Water innovation

What drives it?

This video about water innovation in Israel suggests that necessity is the mother of invention.  But to be sure of that, you’d need to rank the countries of the world by the acuteness of their water issues and map those to levels of water innovation.  One suspects that the correlation isn’t there.

There are likely other factors to take into consideration – an entrepreneurial culture and availability of funding for startups perhaps?  But that doesn’t explain why California isn’t on a par with Israel.

In the UK, water is quite plentiful.  But water innovation is high.  Why?  There’s an entrepreneurial culture and a reasonable level of funding available for startups.  The water sector was privatised in 1989, and has been strongly regulated since then.  So water companies being private and a strong regulator may also be factors.  The UK’s experience in other former state-owned sectors suggests that private ownership combined with competition also drives innovation.  To what extent this is possible in relation to a natural monopoly is questionable.  The fact that 40 energy companies went bust in 2021 displacing 4.3m customers suggests that the competitive market may not be economically very resilient, whatever else competition achieved.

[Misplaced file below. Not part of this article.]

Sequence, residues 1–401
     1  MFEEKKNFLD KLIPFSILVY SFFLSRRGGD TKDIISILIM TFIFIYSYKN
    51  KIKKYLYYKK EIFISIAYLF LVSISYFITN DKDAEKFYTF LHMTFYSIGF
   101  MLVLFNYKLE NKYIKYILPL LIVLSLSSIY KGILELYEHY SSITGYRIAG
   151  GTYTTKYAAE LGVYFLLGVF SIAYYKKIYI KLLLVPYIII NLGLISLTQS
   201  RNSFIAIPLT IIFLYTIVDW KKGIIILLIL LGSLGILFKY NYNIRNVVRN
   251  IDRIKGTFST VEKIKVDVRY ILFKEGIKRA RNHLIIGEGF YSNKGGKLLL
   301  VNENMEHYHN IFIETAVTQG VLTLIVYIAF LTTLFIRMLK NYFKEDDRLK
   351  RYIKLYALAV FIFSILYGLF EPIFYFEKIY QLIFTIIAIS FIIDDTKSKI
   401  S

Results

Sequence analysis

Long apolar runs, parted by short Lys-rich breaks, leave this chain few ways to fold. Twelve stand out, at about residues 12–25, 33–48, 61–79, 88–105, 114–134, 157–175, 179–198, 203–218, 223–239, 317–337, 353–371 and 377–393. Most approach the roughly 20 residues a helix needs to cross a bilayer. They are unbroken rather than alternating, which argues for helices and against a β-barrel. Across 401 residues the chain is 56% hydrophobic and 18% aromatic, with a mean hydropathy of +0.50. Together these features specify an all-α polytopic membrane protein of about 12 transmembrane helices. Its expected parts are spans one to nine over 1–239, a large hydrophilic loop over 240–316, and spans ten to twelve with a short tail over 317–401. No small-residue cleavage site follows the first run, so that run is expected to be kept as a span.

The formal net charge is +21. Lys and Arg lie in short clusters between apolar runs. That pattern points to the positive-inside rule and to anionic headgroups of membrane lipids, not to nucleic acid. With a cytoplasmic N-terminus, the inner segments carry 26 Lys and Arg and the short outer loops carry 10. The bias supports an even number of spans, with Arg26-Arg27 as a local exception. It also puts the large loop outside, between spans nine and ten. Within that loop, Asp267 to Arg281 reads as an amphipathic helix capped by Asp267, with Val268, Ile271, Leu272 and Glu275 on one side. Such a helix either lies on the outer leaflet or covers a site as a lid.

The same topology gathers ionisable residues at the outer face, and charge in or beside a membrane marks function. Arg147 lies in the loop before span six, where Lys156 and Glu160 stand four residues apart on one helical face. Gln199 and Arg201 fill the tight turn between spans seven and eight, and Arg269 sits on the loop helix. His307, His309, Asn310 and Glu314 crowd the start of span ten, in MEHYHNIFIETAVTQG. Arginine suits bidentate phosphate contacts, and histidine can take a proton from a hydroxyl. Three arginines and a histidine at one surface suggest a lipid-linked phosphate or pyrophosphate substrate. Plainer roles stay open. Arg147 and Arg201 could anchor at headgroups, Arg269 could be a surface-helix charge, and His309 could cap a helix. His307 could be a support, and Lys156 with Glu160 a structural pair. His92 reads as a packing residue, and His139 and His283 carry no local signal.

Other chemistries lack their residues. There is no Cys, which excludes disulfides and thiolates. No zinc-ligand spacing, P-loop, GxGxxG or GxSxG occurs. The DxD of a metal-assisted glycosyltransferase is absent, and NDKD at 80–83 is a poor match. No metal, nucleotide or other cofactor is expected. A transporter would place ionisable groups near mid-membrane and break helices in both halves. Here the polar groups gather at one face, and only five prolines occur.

But you don’t need to be a water innovator to access water innovation.  The video about Israel draws attention to the level of exports.  i2O built up a client base of 100 clients in 45 countries around the world before being acquired by Mueller Water Products which opens up the USA and Canada as additional markets.

However acute your water issues, Mueller has solutions that can help.  Let us innovate on your behalf.